Zosimus (Greek Ζώσιμος): Early Byzantine, pagan author of a history of the Roman Empire, published in the first quarter of the sixth century CE.
The translation of Zosimus' New History offered here was printed in 1814 by W. Green and T. Chaplin in London, and was probably prepared by J. Davis of the Military Chronicle and Military Classics Office. The translator is anonymous. The text was found at Tertullian.org. The notes were added by Jona Lendering.
[2.9.1] It happened that Constantius died at that time. The guards, therefore, who thought none of his legitimate children to be fit for the imperial dignity, considered that Constantine was a person capable of sustaining it, and conferred the honor upon him, in hopes of being remunerated with handsome presents.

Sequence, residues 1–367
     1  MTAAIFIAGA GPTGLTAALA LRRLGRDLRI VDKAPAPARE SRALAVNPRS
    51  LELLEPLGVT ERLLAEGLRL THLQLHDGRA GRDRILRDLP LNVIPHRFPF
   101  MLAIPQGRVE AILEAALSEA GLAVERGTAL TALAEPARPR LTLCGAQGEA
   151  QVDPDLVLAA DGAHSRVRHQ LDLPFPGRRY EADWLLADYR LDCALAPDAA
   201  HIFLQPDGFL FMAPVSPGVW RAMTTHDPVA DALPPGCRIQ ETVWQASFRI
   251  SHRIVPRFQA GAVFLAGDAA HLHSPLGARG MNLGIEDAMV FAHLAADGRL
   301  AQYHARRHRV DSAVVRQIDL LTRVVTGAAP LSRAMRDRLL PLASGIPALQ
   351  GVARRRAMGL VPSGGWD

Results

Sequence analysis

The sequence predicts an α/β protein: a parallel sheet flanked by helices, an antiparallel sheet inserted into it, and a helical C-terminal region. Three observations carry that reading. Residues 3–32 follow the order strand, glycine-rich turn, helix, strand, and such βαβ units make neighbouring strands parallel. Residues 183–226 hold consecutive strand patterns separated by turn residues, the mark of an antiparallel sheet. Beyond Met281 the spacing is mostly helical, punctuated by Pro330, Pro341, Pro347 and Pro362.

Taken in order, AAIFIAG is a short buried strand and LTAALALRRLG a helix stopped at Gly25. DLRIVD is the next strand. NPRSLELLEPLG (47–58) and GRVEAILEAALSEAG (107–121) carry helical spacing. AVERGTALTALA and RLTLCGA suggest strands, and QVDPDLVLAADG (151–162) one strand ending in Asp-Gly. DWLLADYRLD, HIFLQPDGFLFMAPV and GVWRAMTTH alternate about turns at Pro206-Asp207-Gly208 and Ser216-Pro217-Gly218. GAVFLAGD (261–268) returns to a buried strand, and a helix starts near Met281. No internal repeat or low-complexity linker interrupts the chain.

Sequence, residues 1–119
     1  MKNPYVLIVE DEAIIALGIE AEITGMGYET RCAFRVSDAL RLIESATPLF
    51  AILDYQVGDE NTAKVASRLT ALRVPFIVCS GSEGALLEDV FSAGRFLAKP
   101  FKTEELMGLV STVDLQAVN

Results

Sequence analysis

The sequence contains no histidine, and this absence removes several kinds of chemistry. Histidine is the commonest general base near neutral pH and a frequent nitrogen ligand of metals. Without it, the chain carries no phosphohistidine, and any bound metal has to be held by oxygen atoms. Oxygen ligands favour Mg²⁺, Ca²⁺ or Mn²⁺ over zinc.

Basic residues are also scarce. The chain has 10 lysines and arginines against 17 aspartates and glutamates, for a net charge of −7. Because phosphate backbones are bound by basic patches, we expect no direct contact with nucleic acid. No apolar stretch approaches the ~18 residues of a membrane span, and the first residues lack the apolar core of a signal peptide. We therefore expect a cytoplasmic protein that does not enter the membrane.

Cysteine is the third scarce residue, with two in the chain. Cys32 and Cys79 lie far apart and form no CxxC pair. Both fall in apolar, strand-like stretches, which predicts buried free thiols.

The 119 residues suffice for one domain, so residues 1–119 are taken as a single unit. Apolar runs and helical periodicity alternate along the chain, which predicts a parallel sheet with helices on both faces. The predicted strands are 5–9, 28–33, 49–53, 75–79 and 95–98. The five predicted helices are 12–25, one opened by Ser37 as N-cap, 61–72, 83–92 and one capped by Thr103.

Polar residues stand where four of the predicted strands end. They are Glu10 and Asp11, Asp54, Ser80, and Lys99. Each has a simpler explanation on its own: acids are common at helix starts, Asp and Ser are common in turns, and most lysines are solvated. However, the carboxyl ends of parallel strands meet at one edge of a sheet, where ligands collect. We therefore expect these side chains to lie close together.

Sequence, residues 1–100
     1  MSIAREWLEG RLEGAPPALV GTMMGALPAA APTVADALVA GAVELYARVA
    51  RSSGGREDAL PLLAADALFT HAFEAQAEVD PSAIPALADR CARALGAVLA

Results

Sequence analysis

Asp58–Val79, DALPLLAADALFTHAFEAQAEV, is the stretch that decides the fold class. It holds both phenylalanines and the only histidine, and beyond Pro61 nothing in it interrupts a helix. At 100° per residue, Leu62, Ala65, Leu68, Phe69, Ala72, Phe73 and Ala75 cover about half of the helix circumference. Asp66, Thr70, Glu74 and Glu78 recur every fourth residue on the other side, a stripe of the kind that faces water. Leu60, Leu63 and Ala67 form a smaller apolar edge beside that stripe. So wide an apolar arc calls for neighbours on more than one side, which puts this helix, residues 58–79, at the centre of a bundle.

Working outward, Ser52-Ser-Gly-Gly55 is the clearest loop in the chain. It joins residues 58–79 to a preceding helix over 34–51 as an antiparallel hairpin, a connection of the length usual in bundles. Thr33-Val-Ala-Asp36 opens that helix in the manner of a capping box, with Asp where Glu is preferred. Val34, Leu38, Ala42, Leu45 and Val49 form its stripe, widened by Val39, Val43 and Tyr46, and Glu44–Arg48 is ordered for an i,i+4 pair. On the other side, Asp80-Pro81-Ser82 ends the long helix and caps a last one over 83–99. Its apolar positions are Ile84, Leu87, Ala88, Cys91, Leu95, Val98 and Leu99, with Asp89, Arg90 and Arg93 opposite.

[2.9.2] When his effigy according to custom was exhibited at Rome, Maxentius, the son of Maximian Herculius, could not endure the sight of Constantine's good fortune, who was the son of a harlot, while himself, who was the son of so great an emperor, remained at home in indolence, and his father's empire was enjoyed by others.
[2.9.3] He therefore associated with himself in the enterprise Marcellianus and Marcellus, two military tribunes, and Lucianus, who distributed the swine's flesh, with which the people of Rome were provided by the treasury, and the court-guards called Praetoriani. By them he was promoted to the imperial throne, having promised liberally to reward all that assisted him in it. For this purpose they first murdered Abellius, because he, being prefect of the city, opposed their enterprise.